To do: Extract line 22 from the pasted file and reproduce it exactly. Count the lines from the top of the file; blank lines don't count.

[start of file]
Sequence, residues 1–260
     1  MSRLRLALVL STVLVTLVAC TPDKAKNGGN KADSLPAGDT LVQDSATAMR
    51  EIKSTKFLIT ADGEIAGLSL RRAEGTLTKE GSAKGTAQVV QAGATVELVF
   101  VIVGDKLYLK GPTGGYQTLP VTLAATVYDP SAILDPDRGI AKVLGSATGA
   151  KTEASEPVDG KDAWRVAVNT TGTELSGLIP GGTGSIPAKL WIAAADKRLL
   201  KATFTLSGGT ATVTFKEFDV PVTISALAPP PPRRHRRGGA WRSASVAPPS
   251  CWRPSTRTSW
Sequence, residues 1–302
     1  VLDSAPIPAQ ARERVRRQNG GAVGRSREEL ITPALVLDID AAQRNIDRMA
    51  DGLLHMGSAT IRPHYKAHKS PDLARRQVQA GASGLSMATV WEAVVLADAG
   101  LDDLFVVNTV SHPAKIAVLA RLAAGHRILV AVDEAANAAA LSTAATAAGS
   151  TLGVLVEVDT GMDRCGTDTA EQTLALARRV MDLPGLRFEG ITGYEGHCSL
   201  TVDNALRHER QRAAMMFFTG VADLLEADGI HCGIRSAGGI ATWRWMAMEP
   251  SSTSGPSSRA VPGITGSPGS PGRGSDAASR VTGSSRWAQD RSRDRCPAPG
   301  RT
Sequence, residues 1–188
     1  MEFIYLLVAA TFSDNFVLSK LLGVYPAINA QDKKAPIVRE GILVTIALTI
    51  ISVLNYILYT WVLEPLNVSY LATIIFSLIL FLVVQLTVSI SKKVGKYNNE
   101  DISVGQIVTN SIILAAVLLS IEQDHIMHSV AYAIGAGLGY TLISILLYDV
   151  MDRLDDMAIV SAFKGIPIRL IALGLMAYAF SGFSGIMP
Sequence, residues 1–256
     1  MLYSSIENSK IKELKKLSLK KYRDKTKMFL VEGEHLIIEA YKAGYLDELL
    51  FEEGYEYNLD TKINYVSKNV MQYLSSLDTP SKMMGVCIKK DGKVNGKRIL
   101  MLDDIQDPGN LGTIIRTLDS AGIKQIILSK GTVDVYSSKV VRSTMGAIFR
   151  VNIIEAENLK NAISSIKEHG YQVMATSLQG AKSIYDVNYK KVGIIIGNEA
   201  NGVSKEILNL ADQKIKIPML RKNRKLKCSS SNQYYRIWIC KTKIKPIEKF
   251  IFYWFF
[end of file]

     1  MLYSSIENSK IKELKKLSLK KYRDKTKMFL VEGEHLIIEA YKAGYLDELL